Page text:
Case presentation

Case 1

A 77-year-old man was referred to our department for the evaluation of a pulmonary nodule in the right lower lobe detected by chest computed tomography (CT). He had a surgical history of thoracic endovascular aortic repair and coronary-artery bypass. The pulmonary nodule had increased in size, so lung cancer was suspected (Fig. 1). The clinical stage was determined to be IA-3 by radiologic examinations. He was also diagnosed with AS simultaneously.
Fig. 1
Fig. 1

Axial image of a chest computed tomography (CT) scan

Because his AS was severe (mPG 44 mmHg, AVA 0.73 cm2) and there was a possibility of sudden cardiac death, treatment for AS was considered to be mandatory before pulmonary resection. In addition to his history of coronary artery disease and thoracic aortic aneurysm, his logistic euroSCORE was relatively high (39.8%). Based on these data, conventional AVR was considered to be risky. TAVI was therefore selected for AS, and a trans-apical TAVI with left-sided intercostal thoracotomy was successfully performed without postoperative complications (Fig. 2).
Fig. 2
Fig. 2

Deployment of the artificial valve at TAVI

We performed surgery for lung cancer 70 days after TAVI. Perioperative heparin bridging was performed for the low-dose aspirin therapy he had been taking. Right middle and lower lobectomy with mediastinal lymph node dissection was performed. We initially tried to perform video-assisted thoracic surgery (VATS); however, severe adhesion was present in the right chest cavity due to the effects of coronary artery bypass grafting, which he had undergone for coronary artery disease. We therefore performed thoracotomy. The pathologic diagnosis was squamous carcinoma, pT1cN0M0 stage IA3. The postoperative course was uneventful. Fourteen months after surgery, the patient is doing well without relapse or cardiac symptoms.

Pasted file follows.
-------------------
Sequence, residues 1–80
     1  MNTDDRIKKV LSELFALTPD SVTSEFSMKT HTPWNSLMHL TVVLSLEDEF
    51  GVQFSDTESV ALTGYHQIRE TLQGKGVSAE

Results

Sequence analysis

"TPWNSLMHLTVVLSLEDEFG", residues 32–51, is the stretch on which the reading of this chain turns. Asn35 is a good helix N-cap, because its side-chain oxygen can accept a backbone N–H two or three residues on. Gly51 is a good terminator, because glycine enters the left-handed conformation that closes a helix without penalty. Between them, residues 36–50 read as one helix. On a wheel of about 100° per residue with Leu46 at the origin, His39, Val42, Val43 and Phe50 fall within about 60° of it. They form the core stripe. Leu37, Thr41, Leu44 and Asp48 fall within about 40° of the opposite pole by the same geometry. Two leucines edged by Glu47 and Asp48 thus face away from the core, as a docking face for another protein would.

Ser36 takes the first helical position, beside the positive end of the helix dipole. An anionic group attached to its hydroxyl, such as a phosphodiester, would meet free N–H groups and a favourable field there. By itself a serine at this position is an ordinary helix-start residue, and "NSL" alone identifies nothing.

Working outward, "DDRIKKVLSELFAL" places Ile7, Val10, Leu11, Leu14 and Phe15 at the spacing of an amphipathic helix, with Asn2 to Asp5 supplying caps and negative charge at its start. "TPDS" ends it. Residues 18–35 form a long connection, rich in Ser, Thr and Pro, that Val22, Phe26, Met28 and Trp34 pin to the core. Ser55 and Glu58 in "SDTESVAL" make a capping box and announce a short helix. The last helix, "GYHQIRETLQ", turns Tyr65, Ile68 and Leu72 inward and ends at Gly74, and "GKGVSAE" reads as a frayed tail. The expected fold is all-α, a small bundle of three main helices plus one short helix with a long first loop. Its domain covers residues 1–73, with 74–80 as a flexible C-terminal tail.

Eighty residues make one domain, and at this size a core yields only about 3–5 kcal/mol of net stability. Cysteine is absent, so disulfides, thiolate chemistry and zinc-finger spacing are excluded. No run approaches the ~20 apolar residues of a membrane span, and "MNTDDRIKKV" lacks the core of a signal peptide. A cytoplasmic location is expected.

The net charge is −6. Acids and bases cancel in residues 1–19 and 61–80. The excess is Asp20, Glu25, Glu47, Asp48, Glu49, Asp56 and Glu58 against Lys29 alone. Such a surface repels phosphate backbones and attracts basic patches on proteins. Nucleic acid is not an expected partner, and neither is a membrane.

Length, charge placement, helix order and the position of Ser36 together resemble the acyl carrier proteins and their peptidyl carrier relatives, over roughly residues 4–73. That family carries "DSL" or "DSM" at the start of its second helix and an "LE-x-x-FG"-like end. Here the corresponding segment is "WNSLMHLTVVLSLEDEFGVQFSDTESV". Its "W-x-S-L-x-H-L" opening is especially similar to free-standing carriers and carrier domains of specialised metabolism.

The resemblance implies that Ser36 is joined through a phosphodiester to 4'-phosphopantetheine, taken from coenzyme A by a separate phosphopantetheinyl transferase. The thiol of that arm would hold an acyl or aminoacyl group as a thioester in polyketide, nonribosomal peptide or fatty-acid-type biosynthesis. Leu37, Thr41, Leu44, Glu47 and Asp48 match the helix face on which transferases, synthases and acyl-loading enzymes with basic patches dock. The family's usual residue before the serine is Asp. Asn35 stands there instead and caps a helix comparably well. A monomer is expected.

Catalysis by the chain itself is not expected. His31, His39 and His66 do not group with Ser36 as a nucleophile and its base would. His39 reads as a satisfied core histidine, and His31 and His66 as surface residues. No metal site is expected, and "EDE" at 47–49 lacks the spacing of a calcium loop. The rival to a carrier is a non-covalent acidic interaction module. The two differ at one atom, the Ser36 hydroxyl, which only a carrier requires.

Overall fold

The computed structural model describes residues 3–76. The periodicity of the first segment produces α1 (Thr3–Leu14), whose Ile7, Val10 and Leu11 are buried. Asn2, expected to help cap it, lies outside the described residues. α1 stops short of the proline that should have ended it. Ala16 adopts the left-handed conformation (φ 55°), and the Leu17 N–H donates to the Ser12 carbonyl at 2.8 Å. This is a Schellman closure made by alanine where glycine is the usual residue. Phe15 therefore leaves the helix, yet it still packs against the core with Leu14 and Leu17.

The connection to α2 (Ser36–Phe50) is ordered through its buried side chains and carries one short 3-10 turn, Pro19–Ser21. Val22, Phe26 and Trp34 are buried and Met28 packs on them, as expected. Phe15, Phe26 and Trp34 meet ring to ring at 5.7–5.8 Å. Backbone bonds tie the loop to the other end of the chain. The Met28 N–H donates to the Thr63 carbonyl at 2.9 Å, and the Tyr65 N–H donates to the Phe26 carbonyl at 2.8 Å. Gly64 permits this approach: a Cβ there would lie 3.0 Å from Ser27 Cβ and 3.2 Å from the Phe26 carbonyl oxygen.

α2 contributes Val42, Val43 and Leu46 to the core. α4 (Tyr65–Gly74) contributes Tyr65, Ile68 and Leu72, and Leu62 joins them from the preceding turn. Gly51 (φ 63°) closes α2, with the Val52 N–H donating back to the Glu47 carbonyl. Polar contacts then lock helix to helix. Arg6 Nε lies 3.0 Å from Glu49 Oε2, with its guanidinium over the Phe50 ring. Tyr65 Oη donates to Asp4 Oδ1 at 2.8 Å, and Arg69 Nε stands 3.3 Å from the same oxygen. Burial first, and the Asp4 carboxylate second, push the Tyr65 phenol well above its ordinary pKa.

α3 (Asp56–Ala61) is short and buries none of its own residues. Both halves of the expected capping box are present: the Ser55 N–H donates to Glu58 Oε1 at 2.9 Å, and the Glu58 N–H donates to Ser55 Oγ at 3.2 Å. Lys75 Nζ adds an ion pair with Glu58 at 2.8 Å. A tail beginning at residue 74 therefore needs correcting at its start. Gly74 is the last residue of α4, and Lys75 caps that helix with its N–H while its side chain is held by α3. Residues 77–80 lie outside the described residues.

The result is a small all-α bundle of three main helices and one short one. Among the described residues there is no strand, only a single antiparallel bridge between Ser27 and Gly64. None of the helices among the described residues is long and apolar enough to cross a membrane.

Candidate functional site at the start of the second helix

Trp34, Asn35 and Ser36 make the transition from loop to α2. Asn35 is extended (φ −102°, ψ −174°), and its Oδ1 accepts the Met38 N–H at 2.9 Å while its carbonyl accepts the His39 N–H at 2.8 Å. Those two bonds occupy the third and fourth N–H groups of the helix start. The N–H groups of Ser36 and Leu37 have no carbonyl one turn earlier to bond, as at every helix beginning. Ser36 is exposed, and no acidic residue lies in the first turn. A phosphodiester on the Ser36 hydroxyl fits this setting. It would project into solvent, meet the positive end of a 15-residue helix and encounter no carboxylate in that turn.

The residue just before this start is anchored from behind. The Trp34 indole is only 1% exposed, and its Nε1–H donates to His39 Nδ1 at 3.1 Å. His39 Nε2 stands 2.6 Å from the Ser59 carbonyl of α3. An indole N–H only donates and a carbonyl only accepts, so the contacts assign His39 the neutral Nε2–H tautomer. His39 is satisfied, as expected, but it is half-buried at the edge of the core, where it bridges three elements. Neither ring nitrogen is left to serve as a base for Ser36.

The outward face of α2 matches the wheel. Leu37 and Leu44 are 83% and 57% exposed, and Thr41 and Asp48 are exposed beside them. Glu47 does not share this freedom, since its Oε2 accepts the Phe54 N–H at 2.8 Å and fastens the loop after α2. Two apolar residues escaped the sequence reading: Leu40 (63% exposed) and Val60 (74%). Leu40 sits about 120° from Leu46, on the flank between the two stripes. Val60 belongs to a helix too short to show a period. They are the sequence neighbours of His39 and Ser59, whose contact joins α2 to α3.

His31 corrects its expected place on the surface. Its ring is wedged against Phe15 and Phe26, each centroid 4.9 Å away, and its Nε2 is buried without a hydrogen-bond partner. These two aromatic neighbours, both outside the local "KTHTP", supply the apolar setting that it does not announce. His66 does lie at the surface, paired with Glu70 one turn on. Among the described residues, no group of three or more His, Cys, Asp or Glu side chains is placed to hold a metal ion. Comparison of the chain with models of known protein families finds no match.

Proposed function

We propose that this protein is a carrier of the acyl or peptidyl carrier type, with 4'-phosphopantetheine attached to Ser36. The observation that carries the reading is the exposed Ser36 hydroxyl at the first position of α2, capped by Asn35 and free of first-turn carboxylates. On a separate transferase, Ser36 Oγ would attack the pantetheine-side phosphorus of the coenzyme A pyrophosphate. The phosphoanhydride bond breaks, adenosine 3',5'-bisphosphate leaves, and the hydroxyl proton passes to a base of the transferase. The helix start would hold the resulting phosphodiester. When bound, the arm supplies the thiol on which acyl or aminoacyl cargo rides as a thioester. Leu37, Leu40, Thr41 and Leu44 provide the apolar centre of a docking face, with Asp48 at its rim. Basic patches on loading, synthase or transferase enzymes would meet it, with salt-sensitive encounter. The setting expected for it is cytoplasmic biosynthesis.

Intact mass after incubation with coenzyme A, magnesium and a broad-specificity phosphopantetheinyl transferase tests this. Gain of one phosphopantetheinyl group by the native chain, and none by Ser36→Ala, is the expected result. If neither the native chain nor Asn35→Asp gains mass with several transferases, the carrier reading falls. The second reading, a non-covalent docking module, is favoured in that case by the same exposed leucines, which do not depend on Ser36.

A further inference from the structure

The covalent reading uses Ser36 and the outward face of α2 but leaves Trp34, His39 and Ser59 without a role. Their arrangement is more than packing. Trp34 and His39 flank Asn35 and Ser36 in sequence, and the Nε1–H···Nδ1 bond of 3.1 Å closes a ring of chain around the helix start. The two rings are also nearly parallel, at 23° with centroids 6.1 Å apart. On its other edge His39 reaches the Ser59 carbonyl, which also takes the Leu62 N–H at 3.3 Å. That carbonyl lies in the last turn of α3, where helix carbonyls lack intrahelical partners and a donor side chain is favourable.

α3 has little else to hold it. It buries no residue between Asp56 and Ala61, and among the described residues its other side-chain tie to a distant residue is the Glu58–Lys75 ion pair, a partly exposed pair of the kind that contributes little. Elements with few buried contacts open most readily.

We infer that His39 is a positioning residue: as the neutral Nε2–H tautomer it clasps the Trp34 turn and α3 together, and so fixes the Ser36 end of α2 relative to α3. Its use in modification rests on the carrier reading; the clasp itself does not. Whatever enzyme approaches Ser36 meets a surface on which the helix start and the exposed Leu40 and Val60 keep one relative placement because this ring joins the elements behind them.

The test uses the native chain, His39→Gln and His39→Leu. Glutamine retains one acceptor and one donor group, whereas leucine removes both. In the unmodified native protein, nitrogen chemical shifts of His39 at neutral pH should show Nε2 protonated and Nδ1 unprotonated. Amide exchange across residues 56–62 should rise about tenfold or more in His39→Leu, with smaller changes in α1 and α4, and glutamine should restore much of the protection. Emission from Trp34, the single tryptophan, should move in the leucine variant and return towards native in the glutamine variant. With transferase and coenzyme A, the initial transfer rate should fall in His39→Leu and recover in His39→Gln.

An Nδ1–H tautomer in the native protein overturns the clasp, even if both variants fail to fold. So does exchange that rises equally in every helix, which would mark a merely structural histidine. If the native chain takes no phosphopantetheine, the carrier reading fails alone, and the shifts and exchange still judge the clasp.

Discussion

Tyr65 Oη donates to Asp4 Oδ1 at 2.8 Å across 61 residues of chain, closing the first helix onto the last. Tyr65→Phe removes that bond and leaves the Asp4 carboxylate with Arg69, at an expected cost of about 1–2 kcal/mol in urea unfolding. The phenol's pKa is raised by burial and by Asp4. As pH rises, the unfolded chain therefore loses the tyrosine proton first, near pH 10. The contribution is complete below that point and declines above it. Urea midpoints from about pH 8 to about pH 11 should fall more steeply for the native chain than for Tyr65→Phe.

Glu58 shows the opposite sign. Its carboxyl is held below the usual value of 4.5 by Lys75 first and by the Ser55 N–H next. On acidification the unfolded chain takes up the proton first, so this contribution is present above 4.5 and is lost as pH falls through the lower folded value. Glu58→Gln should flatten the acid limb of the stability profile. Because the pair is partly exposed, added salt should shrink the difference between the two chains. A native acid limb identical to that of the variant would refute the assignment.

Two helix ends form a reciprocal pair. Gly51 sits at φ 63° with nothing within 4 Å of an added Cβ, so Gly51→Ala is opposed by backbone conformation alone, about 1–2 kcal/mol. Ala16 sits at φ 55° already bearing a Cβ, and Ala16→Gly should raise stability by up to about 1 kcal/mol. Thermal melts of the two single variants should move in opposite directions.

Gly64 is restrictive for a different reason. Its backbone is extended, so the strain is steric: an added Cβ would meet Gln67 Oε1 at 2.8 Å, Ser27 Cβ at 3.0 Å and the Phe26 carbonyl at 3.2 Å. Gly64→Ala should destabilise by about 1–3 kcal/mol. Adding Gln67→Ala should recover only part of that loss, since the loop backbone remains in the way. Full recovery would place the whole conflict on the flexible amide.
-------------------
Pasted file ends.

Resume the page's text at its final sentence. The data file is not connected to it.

Case 2

A 75-year-old man with a history of chronic renal failure, hypertension, atherosclerosis obliterans, and spinal canal stenosis was referred to our hospital for the treatment of AS. He had undergone living-donor kidney transplantation 13 years earlier and had taken immunosuppressant agents. Moreover, before receiving kidney transplantation, he had been on hemodialysis for 15 years. TAVI was selected to treat his severe AS because of his medical history as described above.